For players craving the tonal warmth and power of the Grand Pacific in its most accessible form, the sapele/spruce 317e delivers. Sapele’s voice occupies the sweet spot between rosewood’s rich overtones and mahogany’s dry, woody sound. With our V-Class bracing, this Grand Pacific makes a dynamic and versatile guitar that’s perfect for performance with vocals or other musicians.
Introducing the Taylor Grand Pacific
Powered by Taylor’s award-winning V-Class™ bracing, the Grand Pacific is a new round-shoulder dreadnought that introduces a whole new sonic personality to the dreadnought category and the Taylor line. It’s a Taylor like you’ve never heard before.
A Warm, Seasoned Sound
Compared to the “modern” acoustic sound Taylor has become known for—vibrant and articulate, with clearly defined notes—the Grand Pacific’s voice features broad, overlapping notes that blend smoothly together to create a warm, seasoned sound. If you’re already a fan of Taylor, the Grand Pacific reveals a uniquely inspiring flavor to explore. If the Taylor sound hasn’t been your jam in the past, the Grand Pacific might change your mind. It’s definitely a guitar worth a test-drive.
V-Class Bracing: A Tone-Shaping Platform
In 2018, Taylor introduced its patented V-Class bracing, a groundbreaking internal bracing system designed by master guitar designer Andy Powers. V-Class brought an evolution beyond X-bracing (which Powers felt had been pushed to its limits as a voicing framework), enabling Taylor to make fundamental improvements to the sound of an acoustic guitar—namely the ability to produce stronger projection, longer sustain, and more accurate intonation by putting the guitar top more in tune with the strings. More importantly, the flexible V-Class framework gave Taylor a powerful new platform for shaping an acoustic guitar’s tonal character in dramatic new ways. This fueled the creation of the Grand Pacific.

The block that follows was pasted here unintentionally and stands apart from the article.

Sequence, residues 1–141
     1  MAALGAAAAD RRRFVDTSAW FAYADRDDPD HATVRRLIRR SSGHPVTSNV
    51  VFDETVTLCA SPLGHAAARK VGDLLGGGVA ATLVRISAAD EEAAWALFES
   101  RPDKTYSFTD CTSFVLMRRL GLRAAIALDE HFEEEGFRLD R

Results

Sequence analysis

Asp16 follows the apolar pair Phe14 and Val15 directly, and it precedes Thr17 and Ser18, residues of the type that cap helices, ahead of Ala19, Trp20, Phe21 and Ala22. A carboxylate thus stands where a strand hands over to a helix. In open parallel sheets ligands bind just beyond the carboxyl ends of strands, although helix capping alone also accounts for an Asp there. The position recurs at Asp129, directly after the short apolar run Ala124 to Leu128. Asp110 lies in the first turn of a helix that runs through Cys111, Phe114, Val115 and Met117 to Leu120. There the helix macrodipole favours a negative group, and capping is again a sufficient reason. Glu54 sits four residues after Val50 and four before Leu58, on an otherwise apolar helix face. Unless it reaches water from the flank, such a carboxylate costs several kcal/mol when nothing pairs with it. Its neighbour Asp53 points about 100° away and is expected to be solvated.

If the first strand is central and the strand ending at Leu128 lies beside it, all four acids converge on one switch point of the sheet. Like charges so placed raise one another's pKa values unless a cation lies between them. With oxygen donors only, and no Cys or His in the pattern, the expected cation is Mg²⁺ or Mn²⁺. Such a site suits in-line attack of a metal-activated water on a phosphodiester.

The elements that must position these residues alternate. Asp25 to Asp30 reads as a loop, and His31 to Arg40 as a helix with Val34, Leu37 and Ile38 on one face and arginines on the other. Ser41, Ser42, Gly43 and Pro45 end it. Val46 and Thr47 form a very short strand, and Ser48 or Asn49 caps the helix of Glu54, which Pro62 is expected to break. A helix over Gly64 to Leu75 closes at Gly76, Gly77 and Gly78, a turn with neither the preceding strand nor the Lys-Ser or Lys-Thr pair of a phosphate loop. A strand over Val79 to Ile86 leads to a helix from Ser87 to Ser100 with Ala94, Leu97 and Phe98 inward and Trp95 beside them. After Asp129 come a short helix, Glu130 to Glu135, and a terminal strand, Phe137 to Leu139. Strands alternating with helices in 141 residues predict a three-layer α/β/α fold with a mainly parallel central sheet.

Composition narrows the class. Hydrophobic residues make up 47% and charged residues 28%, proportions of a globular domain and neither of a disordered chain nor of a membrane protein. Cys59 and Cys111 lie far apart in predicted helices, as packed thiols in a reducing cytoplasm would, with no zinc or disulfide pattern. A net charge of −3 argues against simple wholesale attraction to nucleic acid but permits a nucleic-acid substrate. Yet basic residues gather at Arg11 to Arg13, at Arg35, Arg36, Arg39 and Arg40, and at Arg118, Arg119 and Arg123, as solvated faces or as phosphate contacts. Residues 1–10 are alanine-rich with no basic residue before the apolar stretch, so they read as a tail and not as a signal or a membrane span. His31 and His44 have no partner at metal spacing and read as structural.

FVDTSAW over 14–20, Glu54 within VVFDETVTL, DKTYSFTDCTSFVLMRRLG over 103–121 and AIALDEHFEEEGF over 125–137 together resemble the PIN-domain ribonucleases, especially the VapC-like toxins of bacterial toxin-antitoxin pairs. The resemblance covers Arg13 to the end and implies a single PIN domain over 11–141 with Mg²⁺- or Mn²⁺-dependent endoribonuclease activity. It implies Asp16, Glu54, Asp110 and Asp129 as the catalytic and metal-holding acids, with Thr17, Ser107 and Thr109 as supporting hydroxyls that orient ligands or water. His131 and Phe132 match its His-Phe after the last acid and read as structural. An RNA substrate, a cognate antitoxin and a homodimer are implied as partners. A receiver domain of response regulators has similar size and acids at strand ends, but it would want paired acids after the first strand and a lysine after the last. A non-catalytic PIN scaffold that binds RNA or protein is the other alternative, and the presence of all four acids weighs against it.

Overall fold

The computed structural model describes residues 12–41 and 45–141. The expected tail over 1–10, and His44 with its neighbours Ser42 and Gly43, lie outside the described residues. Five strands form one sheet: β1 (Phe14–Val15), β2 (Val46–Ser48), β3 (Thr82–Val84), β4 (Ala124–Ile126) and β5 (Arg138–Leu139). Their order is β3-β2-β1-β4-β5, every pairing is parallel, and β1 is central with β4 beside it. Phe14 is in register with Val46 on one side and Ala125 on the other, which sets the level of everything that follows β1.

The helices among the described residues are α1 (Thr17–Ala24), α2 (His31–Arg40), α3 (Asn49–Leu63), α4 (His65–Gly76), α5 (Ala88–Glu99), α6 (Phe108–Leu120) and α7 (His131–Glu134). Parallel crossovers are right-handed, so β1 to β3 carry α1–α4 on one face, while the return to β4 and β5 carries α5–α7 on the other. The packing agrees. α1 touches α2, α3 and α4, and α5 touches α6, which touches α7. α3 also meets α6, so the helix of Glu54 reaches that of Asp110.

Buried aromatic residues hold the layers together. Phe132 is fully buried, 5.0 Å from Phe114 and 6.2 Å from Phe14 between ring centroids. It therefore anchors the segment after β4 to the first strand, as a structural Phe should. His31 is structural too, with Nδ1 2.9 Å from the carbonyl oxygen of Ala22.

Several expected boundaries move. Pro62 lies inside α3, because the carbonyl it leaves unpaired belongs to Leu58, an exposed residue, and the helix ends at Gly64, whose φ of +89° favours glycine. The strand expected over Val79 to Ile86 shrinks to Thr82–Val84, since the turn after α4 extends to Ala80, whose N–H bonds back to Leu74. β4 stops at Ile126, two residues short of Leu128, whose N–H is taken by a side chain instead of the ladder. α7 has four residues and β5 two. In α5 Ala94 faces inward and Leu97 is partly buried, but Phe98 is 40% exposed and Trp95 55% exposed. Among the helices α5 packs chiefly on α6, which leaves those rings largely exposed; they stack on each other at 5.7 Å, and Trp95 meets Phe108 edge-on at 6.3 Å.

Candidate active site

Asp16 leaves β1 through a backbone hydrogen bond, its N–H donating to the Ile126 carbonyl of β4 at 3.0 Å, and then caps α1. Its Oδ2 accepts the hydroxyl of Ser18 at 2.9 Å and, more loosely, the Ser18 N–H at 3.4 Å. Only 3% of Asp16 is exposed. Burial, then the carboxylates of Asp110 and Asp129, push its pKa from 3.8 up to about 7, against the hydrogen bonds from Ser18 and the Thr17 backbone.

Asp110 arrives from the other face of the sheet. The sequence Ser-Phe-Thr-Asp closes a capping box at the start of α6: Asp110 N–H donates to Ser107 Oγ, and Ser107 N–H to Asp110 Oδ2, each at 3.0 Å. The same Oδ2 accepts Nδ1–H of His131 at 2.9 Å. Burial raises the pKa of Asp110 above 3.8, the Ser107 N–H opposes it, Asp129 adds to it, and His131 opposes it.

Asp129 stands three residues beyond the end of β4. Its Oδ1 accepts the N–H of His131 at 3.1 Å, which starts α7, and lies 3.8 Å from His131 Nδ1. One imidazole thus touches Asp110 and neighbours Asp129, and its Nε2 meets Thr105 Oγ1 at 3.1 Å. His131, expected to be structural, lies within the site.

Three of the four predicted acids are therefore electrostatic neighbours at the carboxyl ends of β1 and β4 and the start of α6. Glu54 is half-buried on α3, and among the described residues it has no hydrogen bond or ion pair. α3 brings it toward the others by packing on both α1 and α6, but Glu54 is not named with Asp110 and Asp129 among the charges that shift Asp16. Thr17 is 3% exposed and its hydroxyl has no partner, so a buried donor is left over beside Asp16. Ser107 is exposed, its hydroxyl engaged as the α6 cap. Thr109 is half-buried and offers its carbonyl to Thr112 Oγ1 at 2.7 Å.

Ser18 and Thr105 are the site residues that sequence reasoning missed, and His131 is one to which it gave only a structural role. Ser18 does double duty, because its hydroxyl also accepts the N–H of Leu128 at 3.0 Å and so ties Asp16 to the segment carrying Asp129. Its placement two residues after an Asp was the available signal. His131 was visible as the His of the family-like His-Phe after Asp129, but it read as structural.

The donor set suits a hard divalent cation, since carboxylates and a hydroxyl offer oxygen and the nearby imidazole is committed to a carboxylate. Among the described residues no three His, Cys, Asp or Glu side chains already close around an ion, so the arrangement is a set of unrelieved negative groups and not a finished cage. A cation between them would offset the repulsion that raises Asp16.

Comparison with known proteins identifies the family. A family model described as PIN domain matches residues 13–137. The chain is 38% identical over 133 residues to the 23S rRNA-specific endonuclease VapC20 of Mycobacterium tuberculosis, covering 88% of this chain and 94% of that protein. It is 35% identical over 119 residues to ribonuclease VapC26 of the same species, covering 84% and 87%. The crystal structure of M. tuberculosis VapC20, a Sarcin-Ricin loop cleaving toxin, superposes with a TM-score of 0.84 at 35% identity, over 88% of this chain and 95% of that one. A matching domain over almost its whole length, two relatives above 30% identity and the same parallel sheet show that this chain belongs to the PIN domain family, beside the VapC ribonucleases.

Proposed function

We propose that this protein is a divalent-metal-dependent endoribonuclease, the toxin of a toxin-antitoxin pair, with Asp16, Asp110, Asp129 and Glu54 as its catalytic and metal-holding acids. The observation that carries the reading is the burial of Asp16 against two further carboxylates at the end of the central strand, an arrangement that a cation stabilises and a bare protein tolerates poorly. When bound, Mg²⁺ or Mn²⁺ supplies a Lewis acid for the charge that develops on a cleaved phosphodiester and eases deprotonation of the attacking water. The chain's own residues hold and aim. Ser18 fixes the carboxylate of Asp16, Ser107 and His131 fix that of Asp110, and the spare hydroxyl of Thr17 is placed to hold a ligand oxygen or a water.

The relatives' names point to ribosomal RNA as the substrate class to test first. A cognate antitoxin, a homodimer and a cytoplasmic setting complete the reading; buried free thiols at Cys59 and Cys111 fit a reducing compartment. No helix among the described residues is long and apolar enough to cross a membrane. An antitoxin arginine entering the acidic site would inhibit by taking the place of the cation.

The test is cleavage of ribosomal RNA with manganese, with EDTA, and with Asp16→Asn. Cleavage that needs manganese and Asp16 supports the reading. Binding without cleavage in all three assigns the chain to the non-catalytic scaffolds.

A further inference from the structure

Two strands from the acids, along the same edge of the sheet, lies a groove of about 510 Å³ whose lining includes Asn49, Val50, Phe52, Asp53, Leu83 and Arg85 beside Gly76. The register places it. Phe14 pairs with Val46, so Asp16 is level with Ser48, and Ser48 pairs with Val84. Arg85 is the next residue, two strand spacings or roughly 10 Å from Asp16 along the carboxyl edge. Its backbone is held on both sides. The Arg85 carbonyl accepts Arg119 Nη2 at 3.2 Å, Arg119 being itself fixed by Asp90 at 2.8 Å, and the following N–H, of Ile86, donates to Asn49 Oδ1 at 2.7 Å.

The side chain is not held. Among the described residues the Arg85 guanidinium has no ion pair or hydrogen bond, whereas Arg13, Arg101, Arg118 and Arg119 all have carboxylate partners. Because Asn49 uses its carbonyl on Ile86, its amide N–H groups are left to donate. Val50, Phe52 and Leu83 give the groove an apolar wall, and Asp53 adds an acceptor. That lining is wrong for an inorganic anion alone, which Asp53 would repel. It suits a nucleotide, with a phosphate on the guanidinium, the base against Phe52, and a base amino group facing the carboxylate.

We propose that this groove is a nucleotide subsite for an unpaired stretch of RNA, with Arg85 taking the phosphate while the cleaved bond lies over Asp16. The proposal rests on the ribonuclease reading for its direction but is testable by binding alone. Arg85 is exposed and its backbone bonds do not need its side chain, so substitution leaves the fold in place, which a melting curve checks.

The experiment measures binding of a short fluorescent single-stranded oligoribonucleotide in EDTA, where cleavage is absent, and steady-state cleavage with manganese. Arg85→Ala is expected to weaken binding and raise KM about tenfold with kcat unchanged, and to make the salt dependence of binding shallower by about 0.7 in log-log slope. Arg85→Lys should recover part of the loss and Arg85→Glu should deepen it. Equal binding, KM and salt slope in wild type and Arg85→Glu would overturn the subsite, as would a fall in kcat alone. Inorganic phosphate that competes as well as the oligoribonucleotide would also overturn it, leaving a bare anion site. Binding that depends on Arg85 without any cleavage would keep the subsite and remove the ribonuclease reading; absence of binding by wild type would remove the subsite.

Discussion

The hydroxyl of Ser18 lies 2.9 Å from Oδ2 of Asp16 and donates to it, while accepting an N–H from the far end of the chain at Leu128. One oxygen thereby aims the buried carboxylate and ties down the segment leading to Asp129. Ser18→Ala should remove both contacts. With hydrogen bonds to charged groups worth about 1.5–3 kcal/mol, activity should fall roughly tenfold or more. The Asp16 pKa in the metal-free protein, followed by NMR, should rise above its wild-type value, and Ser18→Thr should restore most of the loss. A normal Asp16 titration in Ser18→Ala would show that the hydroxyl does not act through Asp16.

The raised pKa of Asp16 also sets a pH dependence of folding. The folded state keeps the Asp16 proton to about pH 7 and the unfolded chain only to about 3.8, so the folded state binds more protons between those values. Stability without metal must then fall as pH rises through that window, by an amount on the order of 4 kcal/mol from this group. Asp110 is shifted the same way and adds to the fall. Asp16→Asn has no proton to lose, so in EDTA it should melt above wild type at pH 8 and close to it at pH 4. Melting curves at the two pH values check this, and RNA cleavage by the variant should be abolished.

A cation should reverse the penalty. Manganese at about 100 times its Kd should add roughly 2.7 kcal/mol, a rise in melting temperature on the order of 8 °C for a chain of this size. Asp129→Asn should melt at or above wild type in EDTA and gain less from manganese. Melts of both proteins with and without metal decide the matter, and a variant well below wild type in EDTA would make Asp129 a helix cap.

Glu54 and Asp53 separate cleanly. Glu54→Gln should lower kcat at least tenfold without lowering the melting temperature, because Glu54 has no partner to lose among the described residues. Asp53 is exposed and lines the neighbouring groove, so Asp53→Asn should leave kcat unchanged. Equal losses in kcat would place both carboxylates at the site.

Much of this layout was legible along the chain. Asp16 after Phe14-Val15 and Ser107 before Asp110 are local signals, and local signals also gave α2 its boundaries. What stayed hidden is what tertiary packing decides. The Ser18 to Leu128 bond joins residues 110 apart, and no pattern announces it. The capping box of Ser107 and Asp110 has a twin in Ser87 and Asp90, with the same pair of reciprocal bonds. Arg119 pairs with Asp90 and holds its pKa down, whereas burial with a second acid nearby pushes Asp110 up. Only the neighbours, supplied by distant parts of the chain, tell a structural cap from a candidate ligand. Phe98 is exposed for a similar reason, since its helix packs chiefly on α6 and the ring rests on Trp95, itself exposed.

Evolving a Traditional Sound
Andy Powers was inspired to create the Grand Pacific by the bluegrass and other acoustic roots music records he grew up listening to with his dad. Though a lot of that music was created with dreadnought-style guitars, Andy wasn’t interested in simply building another version of an existing dreadnought. Between the subtly rounded contours of the Grand Pacific’s body and the V-Class bracing under the hood, he was able to craft an instrument that could make the kinds of acoustic sounds he heard on those records, while also taming some of the problematic attributes often associated with dreadnought-style guitars. (These sonic issues were typically fixed during the recording/mixing process.) Some of the notable sonic improvements you’ll hear in the Grand Pacific include:
Clear Low-end Power
Andy eliminated the low-end woofiness/muddiness often associated with dreadnought-style guitars. The Grand Pacific produces warm low-end power but with more clarity, which means the bass frequencies are more musical and less problematic for recording and other applications.
Tonal Consistency from Low to High
Some traditional X-braced dreadnoughts create their low-end power at the expense of other frequencies. With the Grand Pacific, you’ll hear smooth, warm, powerful notes consistently across the entire frequency spectrum.
Greater Versatility and All-Around Utility
The Grand Pacific also isn’t musically confined the way a dreadnought can be. It blends the power of a bluegrass guitar with the clarity and playing comfort that singer-songwriters and even fingerstyle players will enjoy. Its all-around utility makes it a fantastic workhorse guitar.